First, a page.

If you are like most people, you have prescription drugs and other medicines you or your family no longer need in your medicine cabinet or other locations in your home. In the past, it was recommended to flush these medications down the toilet or sink. We now know that drugs that are disposed by flushing can enter the environment because sewage treatment plants and septic systems are not designed to remove them1. Also, scientific research suggests that certain drugs may cause harm to fish and other aquatic life2.Luckily, scientists have no evidence that medications in the environment harm human health.3
Please take the time to safely dispose of your medications: Prevent Abuse, Poisoning and Pollution.
Prescription, or over the
counter medications, should NOT be flushed down the toilet or poured down a
sink. Protecting the environment is one good reason to properly dispose of your
medications. However, there are other very important reasons to consider:
Proper Disposal Guidelines for Utah Households*: Please take your medications to a permanent collection site or a special community take-back event
Currently, there are limited legal options for safe medication disposal because of complex laws. Some medications are hazardous and some are controlled substances. Disposal programs must comply with state and federal solid and hazardous waste regulations as well as the Controlled Substance Act.
The Department of Environmental Quality (DEQ) developed the Proper Medication Disposal Program to provide Utah households a safe and legal alternative to flushing medications. The program provided grants to law enforcement agencies to install permanent medication collection bins in the lobby of their buildings to collect unused over-the-counter and prescription medications from Utah households. The program also funded community medication take-back events called “Clean Out Your Medicine Cabinet.”As required by the Drug Enforcement Agency (DEA), both options require law enforcement personnel be present to collect, store and ultimately incinerate the medications.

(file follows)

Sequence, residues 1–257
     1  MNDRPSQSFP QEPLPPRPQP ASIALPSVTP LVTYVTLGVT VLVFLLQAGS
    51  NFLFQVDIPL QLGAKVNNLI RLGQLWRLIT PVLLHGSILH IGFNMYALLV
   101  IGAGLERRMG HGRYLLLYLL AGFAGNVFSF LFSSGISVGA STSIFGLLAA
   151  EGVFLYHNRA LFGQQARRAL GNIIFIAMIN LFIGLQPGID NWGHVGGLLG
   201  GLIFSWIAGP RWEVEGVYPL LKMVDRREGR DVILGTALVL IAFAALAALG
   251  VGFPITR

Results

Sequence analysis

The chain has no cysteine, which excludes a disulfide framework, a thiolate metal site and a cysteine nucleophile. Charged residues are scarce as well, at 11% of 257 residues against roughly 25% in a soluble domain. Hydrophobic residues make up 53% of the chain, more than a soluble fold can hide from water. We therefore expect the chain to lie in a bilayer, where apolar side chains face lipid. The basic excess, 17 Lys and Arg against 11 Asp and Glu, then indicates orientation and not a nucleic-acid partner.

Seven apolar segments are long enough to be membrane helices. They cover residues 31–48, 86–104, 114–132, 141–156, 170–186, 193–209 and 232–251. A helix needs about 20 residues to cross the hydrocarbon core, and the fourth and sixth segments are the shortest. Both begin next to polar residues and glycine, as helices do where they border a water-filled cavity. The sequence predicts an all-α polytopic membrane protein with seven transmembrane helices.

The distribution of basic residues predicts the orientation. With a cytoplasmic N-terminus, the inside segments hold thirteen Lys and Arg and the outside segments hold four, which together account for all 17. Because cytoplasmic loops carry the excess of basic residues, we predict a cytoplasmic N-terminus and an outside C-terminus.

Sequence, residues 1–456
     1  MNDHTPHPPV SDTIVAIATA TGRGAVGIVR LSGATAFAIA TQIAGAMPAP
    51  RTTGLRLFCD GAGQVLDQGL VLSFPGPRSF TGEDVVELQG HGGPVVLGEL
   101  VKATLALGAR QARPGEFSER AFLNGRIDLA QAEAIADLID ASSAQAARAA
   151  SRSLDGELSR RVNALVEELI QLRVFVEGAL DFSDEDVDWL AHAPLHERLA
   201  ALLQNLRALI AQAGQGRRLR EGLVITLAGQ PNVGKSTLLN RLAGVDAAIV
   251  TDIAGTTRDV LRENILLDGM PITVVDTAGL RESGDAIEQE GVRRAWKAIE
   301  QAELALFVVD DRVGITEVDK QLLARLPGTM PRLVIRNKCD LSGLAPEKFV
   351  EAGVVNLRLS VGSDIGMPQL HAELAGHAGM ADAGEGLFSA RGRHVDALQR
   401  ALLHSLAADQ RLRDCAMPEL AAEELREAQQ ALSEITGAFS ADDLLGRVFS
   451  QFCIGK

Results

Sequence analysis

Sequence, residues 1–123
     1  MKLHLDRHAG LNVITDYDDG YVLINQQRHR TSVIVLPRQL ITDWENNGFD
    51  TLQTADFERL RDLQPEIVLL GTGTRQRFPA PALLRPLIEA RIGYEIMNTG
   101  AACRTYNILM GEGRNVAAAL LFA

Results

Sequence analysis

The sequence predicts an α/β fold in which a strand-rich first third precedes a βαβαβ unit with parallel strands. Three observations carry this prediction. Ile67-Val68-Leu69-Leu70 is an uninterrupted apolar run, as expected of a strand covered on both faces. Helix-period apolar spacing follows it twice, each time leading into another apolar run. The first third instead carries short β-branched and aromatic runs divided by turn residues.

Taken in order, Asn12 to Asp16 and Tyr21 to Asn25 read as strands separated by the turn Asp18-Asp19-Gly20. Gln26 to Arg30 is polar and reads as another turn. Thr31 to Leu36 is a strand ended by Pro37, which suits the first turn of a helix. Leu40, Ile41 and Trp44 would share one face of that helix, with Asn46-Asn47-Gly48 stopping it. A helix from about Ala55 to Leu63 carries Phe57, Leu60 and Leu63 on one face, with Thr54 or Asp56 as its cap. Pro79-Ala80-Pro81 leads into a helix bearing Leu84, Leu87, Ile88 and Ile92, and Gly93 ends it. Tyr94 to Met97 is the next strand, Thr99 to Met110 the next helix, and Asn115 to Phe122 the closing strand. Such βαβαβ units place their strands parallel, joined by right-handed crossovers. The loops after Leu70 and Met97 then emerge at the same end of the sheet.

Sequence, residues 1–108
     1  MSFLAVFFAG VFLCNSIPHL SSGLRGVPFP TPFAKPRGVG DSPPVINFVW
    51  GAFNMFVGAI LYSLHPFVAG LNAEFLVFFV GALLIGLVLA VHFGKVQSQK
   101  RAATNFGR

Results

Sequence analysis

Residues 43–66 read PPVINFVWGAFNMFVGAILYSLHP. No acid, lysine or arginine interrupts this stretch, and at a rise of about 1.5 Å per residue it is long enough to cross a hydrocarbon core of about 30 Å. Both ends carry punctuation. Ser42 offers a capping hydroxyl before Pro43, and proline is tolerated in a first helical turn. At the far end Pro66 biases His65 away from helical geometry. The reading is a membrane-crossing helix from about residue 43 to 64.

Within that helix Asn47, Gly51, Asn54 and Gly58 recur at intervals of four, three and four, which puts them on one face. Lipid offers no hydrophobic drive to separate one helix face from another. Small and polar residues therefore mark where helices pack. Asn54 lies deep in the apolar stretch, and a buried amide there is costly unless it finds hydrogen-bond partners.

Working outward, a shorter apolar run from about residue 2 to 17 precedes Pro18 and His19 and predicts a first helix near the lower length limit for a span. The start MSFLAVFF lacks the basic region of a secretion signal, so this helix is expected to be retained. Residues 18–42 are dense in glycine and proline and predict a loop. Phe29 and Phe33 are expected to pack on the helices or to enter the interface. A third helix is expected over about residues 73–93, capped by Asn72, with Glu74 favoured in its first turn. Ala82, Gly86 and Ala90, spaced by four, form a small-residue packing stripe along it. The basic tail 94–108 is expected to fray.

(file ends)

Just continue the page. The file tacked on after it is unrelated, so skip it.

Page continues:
*This program cannot accept medications from doctor or veterinarian offices or clinics, long term care facilities, hospitals, or other medical facilities. These facilities should contact a DEA licensed reverse distributor for disposal.
Take your unused medications to one of the permanent collection sites located in the lobby of law enforcement agencies. Currently there are 58 permanent bins in 15 counties. Each location contains a locked, mounted steel collection bin in the lobby. Prescriptions are dropped off anonymously--identification is not required. Bins are emptied by a Law Enforcement Officers and ultimately incinerated at DEQ permitted facilities. This community service is provided by the police or sheriff department free of charge and confidentiality of all participants is ensured. Click here to find a site.
Taking your unused medications to a permanent collection site or community event is the preferred method of safe disposal to protect the environment.However, if you cannot find a convenient location you can dispose of your medications in your household trash by followingthese guidelines outlined by the SMARXT DISPOSAL campaign created by the U.S. Fish and Wildlife Service, the American Pharmacists Association, and the Pharmaceutical Research and Manufacturers of America to educate consumers about how to dispose of medicines in a safe manner.